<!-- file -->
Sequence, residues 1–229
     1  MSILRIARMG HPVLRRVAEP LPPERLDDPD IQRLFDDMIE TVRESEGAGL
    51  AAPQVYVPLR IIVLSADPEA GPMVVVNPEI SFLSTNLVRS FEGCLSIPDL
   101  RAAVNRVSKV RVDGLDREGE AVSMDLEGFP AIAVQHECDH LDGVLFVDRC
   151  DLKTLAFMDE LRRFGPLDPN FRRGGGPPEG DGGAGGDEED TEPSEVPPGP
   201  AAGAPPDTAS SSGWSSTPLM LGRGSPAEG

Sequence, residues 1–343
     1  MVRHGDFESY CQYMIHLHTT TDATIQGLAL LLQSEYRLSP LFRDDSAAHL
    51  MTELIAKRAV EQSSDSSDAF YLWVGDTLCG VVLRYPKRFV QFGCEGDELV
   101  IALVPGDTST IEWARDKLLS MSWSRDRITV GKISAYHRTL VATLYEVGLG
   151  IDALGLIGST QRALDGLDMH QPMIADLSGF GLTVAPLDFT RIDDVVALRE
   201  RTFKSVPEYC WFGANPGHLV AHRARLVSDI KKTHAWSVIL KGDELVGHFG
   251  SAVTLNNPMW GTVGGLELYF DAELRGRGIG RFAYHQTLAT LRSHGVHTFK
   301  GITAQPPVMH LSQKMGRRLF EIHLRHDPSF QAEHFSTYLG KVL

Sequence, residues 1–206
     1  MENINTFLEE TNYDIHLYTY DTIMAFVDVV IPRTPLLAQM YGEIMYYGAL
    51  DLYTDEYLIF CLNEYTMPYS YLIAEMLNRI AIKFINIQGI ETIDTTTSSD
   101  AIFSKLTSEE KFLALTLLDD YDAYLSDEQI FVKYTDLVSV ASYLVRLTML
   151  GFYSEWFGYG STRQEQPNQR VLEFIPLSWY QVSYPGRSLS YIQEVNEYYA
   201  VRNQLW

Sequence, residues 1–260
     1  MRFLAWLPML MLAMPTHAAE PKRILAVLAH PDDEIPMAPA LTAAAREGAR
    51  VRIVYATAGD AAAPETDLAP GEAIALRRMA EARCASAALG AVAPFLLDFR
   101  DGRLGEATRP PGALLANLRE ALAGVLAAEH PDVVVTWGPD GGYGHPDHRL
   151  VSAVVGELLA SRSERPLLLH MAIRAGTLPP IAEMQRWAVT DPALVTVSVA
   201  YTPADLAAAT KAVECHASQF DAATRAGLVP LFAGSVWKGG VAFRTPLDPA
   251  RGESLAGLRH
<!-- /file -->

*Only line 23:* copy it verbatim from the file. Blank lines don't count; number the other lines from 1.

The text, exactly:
    51  VRIVYATAGD AAAPETDLAP GEAIALRRMA EARCASAALG AVAPFLLDFR